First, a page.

You think operations personnel operate behind the scenes? The equipment folks fly way under the radar and are pretty much noticed only if something goes wrong. But for programs large and small, nothing could get done if it weren’t for these folks.
by Bob Asmussen
There are lots of jobs on the Illinois campus I would try … for a day.
President? Easy. Raise faculty salaries, lower tuition and give the students a day off for every football win. I expect a residence hall to be named in my honor.
Athletic director? So much fun. Start hockey, pay the players and put Loren Tate in the Athletic Hall of Fame as a contributor.
Basketball coach? Sign me up. Schedule a 10-year home-and-home with Kansas, bring Kansas State to State Farm Center for a game and tell Ayo Dosunmu he is going 40 minutes in the opener.
But there is one person’s job on the Illinois campus I want no part of. Come on down, Trent Chesnut.
The Illinois football manager has been here 19 years — how could it be that long? — and is working with his fifth head coach.
Note that he sticks around when a new coach takes over. Why would you replace someone who knows everything about his business? The answer, unless you are a dope, you wouldn’t,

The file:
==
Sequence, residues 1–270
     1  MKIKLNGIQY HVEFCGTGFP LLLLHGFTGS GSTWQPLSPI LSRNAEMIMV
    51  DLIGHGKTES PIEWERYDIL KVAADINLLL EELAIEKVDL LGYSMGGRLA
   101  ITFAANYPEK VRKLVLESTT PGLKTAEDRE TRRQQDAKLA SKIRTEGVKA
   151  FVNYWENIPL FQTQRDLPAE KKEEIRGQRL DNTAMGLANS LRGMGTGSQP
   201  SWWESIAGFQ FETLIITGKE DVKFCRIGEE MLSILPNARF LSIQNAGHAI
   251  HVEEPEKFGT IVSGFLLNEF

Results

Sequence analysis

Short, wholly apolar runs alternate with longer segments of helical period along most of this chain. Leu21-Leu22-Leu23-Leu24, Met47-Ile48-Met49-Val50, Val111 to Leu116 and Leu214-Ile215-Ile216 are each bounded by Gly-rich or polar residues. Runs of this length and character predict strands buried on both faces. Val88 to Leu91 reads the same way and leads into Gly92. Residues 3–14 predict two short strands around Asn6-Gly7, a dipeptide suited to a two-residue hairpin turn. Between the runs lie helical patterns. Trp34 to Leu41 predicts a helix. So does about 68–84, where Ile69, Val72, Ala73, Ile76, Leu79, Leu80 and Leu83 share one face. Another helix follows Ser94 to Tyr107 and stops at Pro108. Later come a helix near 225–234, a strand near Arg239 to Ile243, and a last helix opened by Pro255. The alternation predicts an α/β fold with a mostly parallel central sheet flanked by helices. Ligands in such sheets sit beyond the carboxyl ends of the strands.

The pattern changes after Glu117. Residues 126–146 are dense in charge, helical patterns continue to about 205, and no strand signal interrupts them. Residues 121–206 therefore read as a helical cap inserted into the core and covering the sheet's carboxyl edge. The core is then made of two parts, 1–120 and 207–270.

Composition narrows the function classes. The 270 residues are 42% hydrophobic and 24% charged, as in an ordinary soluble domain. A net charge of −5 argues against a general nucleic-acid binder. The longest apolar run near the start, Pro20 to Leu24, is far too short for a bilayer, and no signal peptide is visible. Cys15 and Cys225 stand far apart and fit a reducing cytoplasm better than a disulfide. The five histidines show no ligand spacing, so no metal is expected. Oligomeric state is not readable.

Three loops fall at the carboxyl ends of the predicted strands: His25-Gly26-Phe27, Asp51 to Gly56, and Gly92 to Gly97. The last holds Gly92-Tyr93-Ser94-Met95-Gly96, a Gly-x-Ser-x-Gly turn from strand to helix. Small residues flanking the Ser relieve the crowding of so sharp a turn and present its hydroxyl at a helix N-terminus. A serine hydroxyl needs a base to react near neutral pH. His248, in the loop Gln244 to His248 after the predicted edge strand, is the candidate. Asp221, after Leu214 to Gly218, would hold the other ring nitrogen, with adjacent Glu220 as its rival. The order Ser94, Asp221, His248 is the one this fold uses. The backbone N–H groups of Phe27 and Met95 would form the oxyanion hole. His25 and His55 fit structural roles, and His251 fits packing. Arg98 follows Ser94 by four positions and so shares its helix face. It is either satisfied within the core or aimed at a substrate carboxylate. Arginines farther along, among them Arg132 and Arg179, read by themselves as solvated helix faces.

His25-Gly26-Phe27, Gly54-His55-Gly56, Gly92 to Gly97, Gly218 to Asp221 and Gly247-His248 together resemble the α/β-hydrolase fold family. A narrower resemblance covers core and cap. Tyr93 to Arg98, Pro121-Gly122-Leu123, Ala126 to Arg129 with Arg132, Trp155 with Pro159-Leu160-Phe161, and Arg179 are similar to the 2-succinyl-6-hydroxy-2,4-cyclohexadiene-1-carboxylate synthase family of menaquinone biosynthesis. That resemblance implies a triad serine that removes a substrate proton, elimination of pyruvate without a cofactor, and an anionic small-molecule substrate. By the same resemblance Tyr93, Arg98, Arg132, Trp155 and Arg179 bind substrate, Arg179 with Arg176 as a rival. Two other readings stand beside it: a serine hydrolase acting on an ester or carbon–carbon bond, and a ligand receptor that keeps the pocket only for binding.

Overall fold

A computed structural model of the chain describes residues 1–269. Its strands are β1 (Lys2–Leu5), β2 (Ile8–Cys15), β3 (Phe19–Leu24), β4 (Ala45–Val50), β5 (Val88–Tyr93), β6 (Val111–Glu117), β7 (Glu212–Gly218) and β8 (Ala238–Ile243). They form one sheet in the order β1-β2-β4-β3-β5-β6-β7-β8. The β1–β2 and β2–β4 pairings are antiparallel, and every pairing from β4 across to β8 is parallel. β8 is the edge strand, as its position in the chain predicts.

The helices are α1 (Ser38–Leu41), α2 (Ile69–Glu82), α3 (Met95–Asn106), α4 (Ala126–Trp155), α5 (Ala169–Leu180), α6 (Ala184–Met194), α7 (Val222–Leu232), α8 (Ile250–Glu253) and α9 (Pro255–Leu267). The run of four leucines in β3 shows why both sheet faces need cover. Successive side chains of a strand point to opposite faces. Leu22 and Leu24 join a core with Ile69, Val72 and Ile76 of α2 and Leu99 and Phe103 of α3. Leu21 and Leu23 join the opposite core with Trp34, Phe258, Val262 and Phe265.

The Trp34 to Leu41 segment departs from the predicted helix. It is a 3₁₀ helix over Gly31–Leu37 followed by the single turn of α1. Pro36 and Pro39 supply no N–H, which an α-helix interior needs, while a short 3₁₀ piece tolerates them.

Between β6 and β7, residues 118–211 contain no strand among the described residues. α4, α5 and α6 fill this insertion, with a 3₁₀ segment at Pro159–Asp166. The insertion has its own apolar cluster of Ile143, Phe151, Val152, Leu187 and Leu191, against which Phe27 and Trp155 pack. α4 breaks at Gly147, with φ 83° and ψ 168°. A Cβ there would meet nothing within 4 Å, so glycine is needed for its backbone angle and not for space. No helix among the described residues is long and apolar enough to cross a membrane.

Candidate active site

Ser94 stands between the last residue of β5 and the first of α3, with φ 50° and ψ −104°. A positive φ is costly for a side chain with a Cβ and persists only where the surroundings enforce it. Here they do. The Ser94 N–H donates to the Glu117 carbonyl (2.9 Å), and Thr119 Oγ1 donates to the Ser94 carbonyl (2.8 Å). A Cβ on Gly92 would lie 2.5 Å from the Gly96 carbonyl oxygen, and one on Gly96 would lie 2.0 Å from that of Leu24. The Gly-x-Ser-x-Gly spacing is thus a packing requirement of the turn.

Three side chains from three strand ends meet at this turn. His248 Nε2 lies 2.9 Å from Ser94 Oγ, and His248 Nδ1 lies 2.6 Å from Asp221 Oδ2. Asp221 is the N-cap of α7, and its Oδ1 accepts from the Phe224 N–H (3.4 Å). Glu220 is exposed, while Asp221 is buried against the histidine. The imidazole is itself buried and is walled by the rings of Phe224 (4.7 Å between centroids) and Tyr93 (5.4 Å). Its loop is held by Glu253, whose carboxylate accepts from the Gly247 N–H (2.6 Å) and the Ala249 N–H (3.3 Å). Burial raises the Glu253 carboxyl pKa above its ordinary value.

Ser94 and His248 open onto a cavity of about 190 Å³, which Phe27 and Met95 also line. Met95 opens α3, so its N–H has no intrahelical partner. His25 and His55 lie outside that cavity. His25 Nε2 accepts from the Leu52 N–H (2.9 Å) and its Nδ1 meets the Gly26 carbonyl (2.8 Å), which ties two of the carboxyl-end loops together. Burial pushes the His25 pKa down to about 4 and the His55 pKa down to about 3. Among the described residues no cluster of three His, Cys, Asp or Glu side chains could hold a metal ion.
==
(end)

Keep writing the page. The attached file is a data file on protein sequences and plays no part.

“We get along with the staff awesome,” Chesnut said. “It’s a great mix of college and NFL guys. They are all very polite and work well with me and my staff and our students. It’s been nothing but positive so far.”
Training camp is Chesnut’s answer to tax season for an accountant. He arrives each day at 6 a.m. and goes home, hopefully, by 10 p.m. That’s 16 hours.
Then, he comes back the next day to do it all over again.
“At camp, you’re looking at 100 hours a week,” Chesnut said. “During the season, it is probably 70 or 80.”
Big bucks, right?
“There’s no overtime involved,” Chesnut said, “You know what you signed up for. But we love the job and love what we’re doing.”Chesnut, 51, is actually in his 29th year in the business. The Hoopeston native got his start on the staff at UNLV. After a few years in Sin City, Chesnut took over as the football equipment manager at Nevada in Reno (Sin City Jr.).
Read the entire article at News-Gazzette.com.